How to Forecast Professional Success

Head shot of Browning
Candace Browning ’77

Candace Browning ’77 hasn’t let the challenges of climbing the ranks in the demanding, male-dominated finance industry slow her down.

One of Wall Street’s prominent movers and shakers, Browning is head of global research at Bank of America Merrill Lynch. She oversees a team of more than 650 analysts in 20 countries, who follow 3,000 stocks and 1,100 credits globally, and provide economic forecasts for 54 countries, 34 commodities and 47 currencies. Her team puts out 70,000 reports a year. 

This fall, Browning, who has an MBA from Columbia, was ranked No. 6 on American Banker’s Most Powerful Women in Finance list. She’s built a career on knowing how to collect and analyze information, as Forbes noted in 2018 when it spotlighted her as one of 11 women changing the face of finance. Or, as American Banker wrote the previous year, “Candace Browning’s focus is turning mind-numbing reams of data into actionable intelligence.”

She credits much of her success to the grounding in the humanities she received at Brandeis. 

“It may be very out of fashion to say this, but I continue to be a big believer in liberal arts education,” says Browning, who majored in Russian history as an undergraduate and serves as a trustee at St. Paul’s School in New Hampshire.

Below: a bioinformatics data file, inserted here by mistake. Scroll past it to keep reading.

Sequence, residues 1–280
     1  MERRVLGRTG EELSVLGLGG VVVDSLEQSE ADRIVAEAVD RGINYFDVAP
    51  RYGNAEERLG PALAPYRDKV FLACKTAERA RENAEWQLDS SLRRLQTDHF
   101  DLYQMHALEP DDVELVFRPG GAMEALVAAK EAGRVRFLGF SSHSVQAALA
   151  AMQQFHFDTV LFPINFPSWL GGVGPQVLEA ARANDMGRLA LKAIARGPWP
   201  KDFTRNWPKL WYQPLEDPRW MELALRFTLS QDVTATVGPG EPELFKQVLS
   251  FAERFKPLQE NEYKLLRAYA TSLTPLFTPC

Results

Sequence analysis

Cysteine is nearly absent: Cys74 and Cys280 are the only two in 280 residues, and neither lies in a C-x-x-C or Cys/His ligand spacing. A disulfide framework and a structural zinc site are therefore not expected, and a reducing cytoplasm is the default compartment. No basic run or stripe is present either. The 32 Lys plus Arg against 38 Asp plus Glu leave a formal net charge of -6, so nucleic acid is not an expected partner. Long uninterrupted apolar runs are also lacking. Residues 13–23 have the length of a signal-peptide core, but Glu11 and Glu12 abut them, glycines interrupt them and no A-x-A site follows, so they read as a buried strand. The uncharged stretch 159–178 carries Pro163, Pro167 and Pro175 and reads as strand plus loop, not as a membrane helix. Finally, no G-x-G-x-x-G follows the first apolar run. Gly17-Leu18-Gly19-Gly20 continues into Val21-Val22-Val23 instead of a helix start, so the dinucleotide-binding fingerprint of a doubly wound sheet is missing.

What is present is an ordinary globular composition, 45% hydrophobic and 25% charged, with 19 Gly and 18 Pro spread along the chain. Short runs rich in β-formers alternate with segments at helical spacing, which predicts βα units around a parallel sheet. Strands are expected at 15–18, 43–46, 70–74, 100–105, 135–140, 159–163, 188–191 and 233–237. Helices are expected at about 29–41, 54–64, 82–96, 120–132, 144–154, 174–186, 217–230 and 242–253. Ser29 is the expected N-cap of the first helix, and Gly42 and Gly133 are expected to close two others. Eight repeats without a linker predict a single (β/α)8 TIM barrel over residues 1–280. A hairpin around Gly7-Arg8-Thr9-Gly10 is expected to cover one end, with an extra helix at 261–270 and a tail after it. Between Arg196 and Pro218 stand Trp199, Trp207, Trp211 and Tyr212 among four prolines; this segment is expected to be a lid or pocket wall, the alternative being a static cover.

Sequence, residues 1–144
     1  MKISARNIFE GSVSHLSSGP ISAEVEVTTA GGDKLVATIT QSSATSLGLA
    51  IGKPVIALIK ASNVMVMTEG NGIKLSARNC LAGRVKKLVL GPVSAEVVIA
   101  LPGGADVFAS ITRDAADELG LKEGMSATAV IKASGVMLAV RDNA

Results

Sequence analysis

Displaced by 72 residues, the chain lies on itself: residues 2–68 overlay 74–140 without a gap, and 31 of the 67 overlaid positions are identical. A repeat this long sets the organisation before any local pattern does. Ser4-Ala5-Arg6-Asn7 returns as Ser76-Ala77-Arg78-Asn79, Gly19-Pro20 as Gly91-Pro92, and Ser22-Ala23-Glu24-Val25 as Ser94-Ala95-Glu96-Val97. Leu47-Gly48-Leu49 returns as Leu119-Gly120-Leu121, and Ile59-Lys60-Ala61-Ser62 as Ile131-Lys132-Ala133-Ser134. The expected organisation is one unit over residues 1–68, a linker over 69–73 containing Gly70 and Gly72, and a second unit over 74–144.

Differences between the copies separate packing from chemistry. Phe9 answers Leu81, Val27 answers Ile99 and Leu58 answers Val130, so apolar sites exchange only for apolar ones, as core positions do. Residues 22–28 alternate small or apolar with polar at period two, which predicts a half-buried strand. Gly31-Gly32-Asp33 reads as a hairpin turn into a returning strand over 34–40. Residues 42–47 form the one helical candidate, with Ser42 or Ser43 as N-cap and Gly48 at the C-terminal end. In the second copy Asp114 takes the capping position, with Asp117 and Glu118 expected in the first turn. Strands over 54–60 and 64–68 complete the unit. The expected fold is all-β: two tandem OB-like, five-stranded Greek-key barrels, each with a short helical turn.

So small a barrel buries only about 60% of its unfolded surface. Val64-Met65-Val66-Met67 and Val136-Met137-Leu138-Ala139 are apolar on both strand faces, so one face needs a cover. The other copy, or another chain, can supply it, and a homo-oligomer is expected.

“A liberal arts education teaches you to be intellectually curious and to ask questions,” she says. “Whether you’re studying Aztec history in Mexico or the medieval period in Italy, you learn to ask, ‘What are the forces at play? Why did this happen?’ You take things apart, analyze them and learn to think.”

Browning, a self-professed news junkie, starts every morning searching interesting sources for stories on current events. Last summer, for instance, she regularly read the South China Morning Post for the latest updates on anti-government protests in Hong Kong. “I’m fascinated by the whole situation,” she says. 

Professional advancement wasn’t always smooth sailing for this mother of two. “I had a lot of anxiety and uncertainty about my career after the birth of my first child,” says Browning, who was working at Oppenheimer Funds at the time. 

“It was tough,” she recalls. “I told my boss I didn’t know if I could keep doing it. He said, ‘What I want you to do is take a deep breath and not come to work on Fridays. Then come back to me in five or six months and tell me how you feel.’ Within two and a half months, I was fine. He gave me the room I needed.”

Still, a 2018 McKinsey & Co. report estimates that only 19% of senior-level positions in financial services are filled by women, with work-family balance cited as a major concern. 

Browning is committed to closing that gap by helping other women reach leadership positions in finance. She’s active in her company’s Global Ambassadors Program, in which executives serve as mentors to younger professionals. She also insists no fewer than two women be considered for every open position in her department. 

She says she tells young women executives trying to balance family with career to “focus not only on what you’re delivering to the firm and your clients, but on making sure you keep yourself well and able to perform at your best.

“Owning that balance yourself is absolutely critical.”   

— Heather Salerno